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Dave Majumdar Security, But will it happen?  The United States Air Force will need more than the 100 Northrop Grumman B-21 Raider long-range stealth bombers that it is currently planning to buy. One hundred aircraft is the floor for the service’s requirements to meet its worldwide responsibilities. That is a departure from previous years when the Air Force would only say that it needed between 80 and 100 B-21s to meet its requirements. “It’s not just a hundred to go do missions,” Lt. Gen. Arnold W. Bunch Jr., military deputy, Office of the Assistant Secretary of the Air Force for Acquisition, told the House Armed Services Committee on May 25. “It’s at least a hundred to do all the training, to do the depot maintenance.” Indeed, as numerous outside studies have shown, the Air Force likely needs significantly more B-21s than the 100 aircraft the service currently considers as a floor. One study showed that the service might need as many as 258 B-21 bombers in the nightmare scenario of a war with the Russian Federation. “Those numbers aren’t incorrect,” Lt. Gen. Jerry D. Harris, Air Force deputy chief of staff for strategic plans and requirements, told the Congress. “We do agree that probably 165 bombers is what we need to have.” While the United States Air Force agrees that it will need roughly 165 B-21 bombers—or possibly even more—the service does not want to get ahead of the Pentagon’s ongoing National Military Strategy review. “We don’t want to get in front of that,” Harris said. “Our approach to it is—it’s an early decision—we know we’re going to need at least 100, we’ll possibly need more than that,” Harris said. “But as was brought up earlier, these aren’t inexpensive weapons systems across this entire effort. We don’t want to throw down a number that may change in several months.” Thus, for right now, the service plans to spend $55 billion to buy 100 B-21 bombers—or roughly $550 million per aircraft. But that requirement will be revised upwards once the Pentagon completes its strategic review. However, the Air Force is not yet ready to commit to a revised number just yet. Read full article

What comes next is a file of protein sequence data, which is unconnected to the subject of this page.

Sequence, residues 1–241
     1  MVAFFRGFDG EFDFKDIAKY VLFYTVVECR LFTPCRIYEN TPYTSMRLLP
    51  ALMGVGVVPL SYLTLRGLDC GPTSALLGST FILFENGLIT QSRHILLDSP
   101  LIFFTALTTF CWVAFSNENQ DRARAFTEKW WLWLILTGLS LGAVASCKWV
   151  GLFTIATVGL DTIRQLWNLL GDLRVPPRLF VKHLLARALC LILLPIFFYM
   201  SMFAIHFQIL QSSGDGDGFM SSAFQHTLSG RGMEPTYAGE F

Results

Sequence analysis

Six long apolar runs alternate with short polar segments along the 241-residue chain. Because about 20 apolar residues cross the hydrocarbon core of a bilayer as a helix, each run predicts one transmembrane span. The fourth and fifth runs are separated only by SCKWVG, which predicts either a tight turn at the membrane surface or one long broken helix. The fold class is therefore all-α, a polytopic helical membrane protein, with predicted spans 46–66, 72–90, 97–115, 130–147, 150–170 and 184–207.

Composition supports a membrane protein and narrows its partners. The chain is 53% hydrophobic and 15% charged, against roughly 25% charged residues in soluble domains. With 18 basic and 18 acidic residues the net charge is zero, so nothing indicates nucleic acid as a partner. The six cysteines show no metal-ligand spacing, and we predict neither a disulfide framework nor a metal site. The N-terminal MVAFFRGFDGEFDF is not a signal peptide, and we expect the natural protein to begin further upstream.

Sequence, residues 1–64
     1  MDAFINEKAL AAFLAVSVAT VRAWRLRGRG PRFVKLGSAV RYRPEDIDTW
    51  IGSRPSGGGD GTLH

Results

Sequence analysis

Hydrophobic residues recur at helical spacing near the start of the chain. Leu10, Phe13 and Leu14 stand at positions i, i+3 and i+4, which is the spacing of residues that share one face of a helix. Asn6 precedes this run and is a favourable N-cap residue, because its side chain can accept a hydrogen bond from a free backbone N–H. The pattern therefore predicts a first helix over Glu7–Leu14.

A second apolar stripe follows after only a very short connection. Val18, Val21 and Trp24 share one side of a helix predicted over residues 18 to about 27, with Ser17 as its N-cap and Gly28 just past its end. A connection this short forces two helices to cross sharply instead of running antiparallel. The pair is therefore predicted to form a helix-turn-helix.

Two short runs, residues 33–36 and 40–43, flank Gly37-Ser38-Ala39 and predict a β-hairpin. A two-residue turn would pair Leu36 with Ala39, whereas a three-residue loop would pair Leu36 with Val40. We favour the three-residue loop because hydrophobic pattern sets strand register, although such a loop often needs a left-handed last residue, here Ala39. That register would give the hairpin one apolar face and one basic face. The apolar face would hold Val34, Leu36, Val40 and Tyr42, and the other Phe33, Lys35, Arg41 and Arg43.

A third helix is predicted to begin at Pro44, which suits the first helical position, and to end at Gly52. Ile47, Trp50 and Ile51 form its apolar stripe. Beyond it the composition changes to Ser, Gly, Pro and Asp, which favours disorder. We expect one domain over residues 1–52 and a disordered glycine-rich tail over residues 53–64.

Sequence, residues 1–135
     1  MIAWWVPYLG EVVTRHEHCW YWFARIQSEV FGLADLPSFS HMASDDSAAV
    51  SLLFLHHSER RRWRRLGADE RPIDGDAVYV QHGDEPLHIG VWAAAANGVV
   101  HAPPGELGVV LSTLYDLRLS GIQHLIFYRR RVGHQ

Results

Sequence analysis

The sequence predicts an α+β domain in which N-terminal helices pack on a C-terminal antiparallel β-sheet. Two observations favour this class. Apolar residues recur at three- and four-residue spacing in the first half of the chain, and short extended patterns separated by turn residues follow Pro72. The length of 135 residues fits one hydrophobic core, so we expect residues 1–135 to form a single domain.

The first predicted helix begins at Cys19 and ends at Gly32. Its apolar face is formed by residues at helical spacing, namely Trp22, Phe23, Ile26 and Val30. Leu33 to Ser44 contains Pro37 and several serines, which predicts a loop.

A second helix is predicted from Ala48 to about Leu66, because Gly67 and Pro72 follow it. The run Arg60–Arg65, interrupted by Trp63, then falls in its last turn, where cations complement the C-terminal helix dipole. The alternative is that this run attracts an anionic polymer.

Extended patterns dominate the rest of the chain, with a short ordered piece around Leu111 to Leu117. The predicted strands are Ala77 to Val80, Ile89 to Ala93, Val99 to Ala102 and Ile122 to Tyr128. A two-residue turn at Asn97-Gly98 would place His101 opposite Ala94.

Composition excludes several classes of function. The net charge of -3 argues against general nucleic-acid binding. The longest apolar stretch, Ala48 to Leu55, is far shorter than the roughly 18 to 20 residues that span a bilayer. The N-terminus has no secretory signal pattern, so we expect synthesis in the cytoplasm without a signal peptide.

27 мая, 05:39

How Argentina Tried to Build a Nazi Jet Fighter